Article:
Gavin: You've become a highlighted artist in festivals and are usually featured prominently due to your works. How is it for you to have that kind of exposure, and does it help sell your works?

Dave: Last year, the amount of exposure leading up to and during the Utah Arts Festival and afterward, for my August Gallery Stroll show at Brand32, was incredible. It blew my mind! I remember walking into The Park Café and sitting down at my usual spot and being welcomed by the Tribune article that Randi had placed front and center on the counter for my arrival. There I was, eating my breakfast, staring at my own scruffy mug in the paper. I didn’t quite know what to do with that. I was elated and grateful, but I also felt a bit guilty and unworthy of it. There are sooooo many amazingly talented people in this town, far more talented than me, who haven’t received the kind of exposure I was granted last year, and most of them probably won’t get the recognition they deserve, and yet, there I was. It definitely backs up my theory of luck being involved in success. It was a trip. As for having an effect on sales, I’m almost certain of it. I had numerous people approach me in my booth during the 2011 Utah Arts Festival, tell me that they tracked me down to come see the “little bird” that was in the Tribune article. Last year’s UAF was also my most successful event to date. Some of it may have been due to having a presence at the festival back in '08 and '10, but I have a hunch that a large portion of last year’s success at the UAF was related to the exposure leading up to event. It gave me a larger audience; more importantly, it gave me “street cred” that probably made people feel more comfortable with forkin’ out their hard-earned dough to take a piece home.


Gavin: Do you have any new works on the way? Or are you possibly expanding into another genre?

Dave: Nada. Zip. Zilch. I’ve got NOTHIN’, man! I have no inspiration at the moment, but I’m trying not to freak out about it. In fact, I’ve really been enjoying my weekends away from art and my basement. Having a full-time job and wrangling art takes a lot of time, and I’ve enjoyed taking a break. If I could, I’d gladly take a break from having to work, but that ain’t gonna happen anytime soon. So, at the moment, I’m takin’ a break from art. Recently, I’ve been enjoying a lot of good days in the saddle of my mountain. bike, spending time with my son, hiking with my dogs up in the hills, hangin’ with friends, sippin’ coffee at Alchemy -- I even got back into fly-fishing for a while. Since I’ve taken a break from art, I’ve been gettin’ out more and actually livin’ life for a while, and, it’s been fantastic. But, it does feel a bit strange and worrisome not having any inspiration at the moment. I guess it’ll come when I’m ready for it again. As for other genres, my New Year’s resolution that’s failed the most times in a row is putting together a music project. I say it every year and I have yet to follow through with it. Perhaps this is the year?! I’m not holding my breath though. I’m currently debating on whether or not to apply for the 2012 Utah Arts Festival. It’s a fantastic event  -- especially last year -- and I could really use the money, but if I get in it, gearing up for it would require putting music and the majority of any recreational activity aside until after the festival. Right now, I’m weighing the potential benefits of making an appearance at the UAF against the known costs. I should probably at least apply and see if I even get in, then I can truly make a decision. At the moment, as far as what’s on the way, it’s all up in the air.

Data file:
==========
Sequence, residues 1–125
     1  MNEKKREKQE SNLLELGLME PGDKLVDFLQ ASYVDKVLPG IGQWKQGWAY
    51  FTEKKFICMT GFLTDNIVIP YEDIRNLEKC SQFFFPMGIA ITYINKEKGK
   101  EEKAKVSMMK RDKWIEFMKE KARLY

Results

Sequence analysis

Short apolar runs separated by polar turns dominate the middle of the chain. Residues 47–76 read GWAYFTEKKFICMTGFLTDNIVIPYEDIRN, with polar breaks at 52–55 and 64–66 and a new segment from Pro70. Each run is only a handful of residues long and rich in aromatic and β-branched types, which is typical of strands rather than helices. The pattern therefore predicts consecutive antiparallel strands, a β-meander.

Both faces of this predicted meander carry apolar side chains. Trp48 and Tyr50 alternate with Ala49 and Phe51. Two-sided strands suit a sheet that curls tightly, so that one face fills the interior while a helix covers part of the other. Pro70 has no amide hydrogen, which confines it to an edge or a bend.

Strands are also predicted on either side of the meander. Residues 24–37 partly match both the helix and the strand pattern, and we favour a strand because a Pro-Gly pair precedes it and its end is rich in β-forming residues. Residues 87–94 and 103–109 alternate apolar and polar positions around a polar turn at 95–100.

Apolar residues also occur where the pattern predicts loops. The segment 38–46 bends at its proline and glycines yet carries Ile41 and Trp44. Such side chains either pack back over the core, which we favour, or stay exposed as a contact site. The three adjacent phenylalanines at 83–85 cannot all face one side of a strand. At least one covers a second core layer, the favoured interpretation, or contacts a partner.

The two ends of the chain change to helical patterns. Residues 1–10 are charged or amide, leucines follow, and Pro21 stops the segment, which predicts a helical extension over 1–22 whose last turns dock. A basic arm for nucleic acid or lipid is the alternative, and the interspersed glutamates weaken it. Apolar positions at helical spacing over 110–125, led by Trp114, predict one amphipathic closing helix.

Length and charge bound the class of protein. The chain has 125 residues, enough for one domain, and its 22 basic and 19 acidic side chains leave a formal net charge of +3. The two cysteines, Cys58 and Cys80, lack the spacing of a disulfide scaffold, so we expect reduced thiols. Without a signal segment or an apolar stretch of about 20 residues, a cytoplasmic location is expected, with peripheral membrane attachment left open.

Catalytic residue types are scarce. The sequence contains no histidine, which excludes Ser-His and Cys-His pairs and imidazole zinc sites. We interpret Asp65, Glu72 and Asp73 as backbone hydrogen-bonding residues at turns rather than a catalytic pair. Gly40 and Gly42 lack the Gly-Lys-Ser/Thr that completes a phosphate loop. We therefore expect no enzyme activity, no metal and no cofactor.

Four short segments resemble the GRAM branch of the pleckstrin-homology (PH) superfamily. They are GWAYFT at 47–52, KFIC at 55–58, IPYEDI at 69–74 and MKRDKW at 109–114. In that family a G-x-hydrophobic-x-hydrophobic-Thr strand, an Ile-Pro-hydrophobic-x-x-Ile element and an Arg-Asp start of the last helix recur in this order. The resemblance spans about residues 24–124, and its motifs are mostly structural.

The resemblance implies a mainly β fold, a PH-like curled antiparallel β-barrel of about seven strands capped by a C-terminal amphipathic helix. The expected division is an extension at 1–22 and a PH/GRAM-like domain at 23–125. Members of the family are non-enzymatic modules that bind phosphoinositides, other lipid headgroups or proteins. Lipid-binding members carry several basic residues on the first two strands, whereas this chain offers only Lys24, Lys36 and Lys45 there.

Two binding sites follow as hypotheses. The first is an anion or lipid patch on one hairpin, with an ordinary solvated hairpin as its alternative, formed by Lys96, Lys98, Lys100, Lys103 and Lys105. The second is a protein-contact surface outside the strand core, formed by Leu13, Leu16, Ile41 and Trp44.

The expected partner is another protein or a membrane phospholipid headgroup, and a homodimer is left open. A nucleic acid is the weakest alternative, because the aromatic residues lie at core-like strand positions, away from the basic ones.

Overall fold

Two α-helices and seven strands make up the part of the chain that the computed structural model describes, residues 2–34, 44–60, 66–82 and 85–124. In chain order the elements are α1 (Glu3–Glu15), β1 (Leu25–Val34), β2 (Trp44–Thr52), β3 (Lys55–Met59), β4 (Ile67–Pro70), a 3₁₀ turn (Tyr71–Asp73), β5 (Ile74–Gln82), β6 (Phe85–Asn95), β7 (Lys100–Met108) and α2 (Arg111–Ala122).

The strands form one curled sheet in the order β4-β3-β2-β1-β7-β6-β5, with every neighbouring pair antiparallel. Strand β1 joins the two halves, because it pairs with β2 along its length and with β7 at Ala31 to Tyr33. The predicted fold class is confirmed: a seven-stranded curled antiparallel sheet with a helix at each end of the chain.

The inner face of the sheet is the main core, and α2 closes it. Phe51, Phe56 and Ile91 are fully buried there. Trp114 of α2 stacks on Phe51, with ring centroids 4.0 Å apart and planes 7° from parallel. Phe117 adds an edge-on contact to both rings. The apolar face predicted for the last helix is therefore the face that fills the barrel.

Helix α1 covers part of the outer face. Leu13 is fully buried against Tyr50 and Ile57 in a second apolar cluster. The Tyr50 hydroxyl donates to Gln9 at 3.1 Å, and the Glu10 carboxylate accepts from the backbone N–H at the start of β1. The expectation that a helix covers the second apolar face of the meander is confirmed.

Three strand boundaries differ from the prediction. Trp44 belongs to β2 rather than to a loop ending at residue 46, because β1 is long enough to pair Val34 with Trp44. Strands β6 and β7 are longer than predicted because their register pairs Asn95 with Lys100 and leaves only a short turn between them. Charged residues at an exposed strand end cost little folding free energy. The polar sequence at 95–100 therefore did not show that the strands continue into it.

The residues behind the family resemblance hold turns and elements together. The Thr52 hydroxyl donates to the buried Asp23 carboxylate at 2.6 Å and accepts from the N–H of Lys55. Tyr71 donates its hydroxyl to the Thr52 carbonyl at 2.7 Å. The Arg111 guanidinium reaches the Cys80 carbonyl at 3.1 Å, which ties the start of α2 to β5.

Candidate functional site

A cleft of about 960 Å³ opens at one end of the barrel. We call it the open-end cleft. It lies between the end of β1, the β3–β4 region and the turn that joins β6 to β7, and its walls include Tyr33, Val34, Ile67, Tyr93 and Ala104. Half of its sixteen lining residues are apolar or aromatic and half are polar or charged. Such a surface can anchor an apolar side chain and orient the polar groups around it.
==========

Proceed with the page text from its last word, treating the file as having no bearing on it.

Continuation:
Gavin: Going local, what are your thoughts on our art scene, both good and bad?

Dave: In short, I don’t fit in with the “scene” or with the genuine artists. I’m constantly blown away by the local talent, I think this town is chock full of amazing artists, it’s really hard to make a living as an artist here and you can get amazing art at ridiculously low prices -- sometimes too low. What are my thoughts on our art scene? I guess that depends on what you mean by scene -- are we talkin’ about “the scene,” as in “scenesters” and such? I dunno. I’ve seen the “scene” from the outside, but I haven’t been invited in. I don’t think my pants are tight enough and I often express how impressed I am by smiling. I smile. A lot. I don’t see scenesters smile very often, and they rarely look impressed. That’s about all I know about the “scene,” so I can’t really say much about it, be it good or bad. But I think I just kinda ragged on the scenesters a bit; maybe that’ll get me invited in? That would be sooooooooo ironic, and I’ve heard irony is really cool these days. Maybe irony was cool a long time ago. Or maybe it’s only cool, I mean not cool, with the hipsters. I dunno, I can’t tell the difference between a hipster and scenester. I can’t keep up with the kids these days; it’s exhausting and I lack ambition. I thought lacking ambition would make me cool enough to fit in with the scenesters, but apparently it doesn’t. Shit. Now if we're talking about local art and artists, I have to say I don’t really feel qualified to critique what’s shakin’ down in this town. I’m not well versed/studied in art and I don’t really know who’s who and what’s what. I know what I like when I see it, but that’s about it, which makes all of the following just layman’s talk. I don’t feel like I fit in with the genuine artists of this town, either. They have skills and knowledge that I don’t possess. I also find it difficult to talk about the art community of this town without it sounding like I’m giving it a major fluff Job. This town is so chock full of talent, it’s ridiculous! Seriously. I was reminded of this just last night as I walked through a few galleries during the Gallery Stroll.